Contact Us You are here: If successful, passive sampling methods may provide a more feasible and cost effective approach for measuring PCBs in school and other types of buildings. PCBs were used extensively in school building materials caulk and lighting fixture ballasts during the approximate period of Most of the schools built nationwide during this period have not had indoor air sampling conducted for PCBs.
This article has been cited by other articles in PMC. Abstract Background Since air can play a central role as a reservoir for microorganisms, in controlled environments such as operating theatres regular microbial monitoring is useful to measure air quality and identify critical situations.
The aim of this study is to assess microbial contamination levels in operating theatres using both an active and a passive sampling method and then to assess if there is a correlation between the results of the two different sampling methods.
Methods The study was performed in 32 turbulent air flow operating theatres of a University Hospital in Southern Italy. Active sampling was carried out using the Surface Air System and passive sampling with settle plates, in accordance with ISO The Total Viable Count TVC was evaluated at rest in the morning before the beginning of surgical activity and in operational during surgery.
Results The mean TVC at rest was The mean in operational TVC was Statistical analysis confirmed that the two methods correlate in a comparable way with the quality of air. Conclusion It is possible to conclude that both methods can be used for general monitoring of air contamination, such as routine surveillance programs.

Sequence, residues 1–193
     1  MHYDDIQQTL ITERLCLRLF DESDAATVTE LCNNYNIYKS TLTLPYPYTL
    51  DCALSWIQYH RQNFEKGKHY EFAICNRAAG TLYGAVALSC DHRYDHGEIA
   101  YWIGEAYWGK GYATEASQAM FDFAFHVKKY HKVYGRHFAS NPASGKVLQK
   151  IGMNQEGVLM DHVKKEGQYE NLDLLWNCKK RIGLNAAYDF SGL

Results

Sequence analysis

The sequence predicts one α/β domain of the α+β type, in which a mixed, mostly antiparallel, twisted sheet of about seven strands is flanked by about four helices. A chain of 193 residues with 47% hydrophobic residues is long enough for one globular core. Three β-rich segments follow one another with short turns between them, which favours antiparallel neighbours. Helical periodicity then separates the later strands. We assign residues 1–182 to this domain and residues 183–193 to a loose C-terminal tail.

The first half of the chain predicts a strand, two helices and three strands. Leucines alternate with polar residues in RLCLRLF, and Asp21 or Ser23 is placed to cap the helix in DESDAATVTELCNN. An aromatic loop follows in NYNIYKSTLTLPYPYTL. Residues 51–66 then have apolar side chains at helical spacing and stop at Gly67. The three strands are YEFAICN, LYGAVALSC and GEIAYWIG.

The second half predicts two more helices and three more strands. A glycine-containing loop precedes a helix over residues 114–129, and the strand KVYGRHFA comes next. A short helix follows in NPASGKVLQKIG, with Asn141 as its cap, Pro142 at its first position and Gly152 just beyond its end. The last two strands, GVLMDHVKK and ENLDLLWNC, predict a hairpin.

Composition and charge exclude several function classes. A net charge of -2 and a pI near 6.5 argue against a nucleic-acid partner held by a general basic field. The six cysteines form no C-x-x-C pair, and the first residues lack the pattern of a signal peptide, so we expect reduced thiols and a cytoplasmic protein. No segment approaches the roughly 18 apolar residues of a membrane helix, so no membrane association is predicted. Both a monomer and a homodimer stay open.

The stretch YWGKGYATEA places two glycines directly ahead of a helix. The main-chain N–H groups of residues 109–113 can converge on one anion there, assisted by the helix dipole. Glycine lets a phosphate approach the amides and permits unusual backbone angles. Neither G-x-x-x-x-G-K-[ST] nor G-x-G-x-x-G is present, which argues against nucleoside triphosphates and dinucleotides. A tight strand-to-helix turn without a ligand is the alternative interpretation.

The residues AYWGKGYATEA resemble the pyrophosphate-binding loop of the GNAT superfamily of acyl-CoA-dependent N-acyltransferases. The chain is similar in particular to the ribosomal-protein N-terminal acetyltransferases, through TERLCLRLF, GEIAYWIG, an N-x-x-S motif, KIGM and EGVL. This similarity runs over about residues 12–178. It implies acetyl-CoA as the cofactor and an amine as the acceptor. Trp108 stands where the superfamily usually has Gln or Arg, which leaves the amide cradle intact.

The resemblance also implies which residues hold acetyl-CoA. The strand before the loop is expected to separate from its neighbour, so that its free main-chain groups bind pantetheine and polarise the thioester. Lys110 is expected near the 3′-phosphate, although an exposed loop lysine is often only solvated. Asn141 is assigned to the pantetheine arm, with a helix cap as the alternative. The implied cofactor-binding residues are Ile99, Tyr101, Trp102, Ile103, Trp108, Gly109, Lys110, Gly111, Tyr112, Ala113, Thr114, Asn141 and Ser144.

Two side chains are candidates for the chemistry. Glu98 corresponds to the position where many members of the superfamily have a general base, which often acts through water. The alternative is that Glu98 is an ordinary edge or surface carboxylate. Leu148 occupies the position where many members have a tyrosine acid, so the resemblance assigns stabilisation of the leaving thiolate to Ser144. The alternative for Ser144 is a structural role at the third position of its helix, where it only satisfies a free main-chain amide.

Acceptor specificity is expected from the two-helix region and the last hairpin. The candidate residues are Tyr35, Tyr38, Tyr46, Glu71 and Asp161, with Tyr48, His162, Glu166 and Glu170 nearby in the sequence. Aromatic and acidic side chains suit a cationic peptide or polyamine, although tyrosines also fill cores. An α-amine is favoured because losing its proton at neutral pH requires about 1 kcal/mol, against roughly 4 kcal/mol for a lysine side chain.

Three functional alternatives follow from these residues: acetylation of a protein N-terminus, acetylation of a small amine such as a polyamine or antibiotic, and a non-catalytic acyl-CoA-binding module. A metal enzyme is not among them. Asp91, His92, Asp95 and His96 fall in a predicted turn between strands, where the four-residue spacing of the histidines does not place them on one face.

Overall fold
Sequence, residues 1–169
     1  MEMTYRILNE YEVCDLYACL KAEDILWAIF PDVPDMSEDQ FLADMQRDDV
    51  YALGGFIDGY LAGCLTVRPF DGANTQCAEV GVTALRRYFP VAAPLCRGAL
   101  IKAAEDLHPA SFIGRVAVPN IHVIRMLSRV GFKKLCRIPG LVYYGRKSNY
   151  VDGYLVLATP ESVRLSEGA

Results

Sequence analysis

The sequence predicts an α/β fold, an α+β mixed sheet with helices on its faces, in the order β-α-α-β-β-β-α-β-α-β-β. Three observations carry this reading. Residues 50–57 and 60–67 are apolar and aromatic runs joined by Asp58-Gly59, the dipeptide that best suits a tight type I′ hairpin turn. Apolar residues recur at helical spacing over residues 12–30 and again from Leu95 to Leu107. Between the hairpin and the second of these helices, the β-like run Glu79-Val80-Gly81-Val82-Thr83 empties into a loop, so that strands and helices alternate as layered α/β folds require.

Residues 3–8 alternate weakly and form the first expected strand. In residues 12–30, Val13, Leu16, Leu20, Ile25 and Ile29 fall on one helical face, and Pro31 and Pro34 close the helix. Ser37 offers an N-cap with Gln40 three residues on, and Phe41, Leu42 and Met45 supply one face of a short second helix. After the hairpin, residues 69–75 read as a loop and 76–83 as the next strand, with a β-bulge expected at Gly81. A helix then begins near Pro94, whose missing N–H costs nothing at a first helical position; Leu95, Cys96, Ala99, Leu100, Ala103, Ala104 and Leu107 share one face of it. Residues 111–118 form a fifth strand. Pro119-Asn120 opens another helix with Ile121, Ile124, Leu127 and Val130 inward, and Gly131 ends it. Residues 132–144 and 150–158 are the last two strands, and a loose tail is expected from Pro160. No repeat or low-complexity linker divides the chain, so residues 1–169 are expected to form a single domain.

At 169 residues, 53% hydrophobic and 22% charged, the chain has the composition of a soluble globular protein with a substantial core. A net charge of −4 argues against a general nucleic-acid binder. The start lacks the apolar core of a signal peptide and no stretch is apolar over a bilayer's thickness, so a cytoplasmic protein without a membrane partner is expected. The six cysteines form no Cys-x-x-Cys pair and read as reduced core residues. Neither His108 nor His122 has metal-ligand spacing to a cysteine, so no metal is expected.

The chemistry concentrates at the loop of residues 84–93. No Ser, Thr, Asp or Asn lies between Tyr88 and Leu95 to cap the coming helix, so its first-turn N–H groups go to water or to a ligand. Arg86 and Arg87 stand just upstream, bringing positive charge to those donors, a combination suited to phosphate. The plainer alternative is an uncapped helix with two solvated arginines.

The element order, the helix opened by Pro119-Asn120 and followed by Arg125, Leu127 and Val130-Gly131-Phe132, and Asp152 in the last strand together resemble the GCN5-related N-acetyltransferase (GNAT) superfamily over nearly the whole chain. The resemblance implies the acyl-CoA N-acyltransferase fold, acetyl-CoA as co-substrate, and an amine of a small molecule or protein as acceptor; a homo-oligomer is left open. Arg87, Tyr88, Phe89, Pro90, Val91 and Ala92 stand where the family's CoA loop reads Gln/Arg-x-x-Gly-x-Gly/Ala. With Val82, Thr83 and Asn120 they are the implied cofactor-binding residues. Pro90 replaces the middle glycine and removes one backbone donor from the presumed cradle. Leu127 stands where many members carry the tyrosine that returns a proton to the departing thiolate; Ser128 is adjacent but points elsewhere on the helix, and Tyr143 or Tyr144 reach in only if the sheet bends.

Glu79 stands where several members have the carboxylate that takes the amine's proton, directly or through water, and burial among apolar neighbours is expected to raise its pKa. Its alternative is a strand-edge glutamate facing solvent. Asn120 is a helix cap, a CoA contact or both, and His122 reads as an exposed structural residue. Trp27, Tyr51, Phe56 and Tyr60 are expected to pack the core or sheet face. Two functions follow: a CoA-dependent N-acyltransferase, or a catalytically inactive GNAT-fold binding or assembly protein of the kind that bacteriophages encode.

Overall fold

However, the choice must be made between one or the other to obtain specific information. In particular, the environmental matrices water, air and surfaces play a leading role as reservoirs of microorganisms [ 1 ]: For this reason, hospital environmental control procedures can be an effective support in reducing nosocomial infections [ 167 ].
This is particularly true in high risk healthcare departments where patients are more susceptible because of their health conditions, or in operating theatres because of tissue exposure to air [ 8 - 10 ]. In fact, surgeons were the first to deal with environmental hygiene conditions during high risk surgery in order to reduce post-operative infections [ 1112 ].
Since then, many authors have underlined the importance of microbial surveillance of environmental matrices [ 12513 - 15 ]. A special focus has been placed on microbial air surveillance; in fact, it has been demonstrated that periprosthetic infection rates correlate with the number of airborne bacteria within the wound [ 16 ] and that, in hospital environments, the use of air filtration through a HEPA system completely eliminated invasive pulmonary aspergillosis in immune-compromised patients [ 17 ].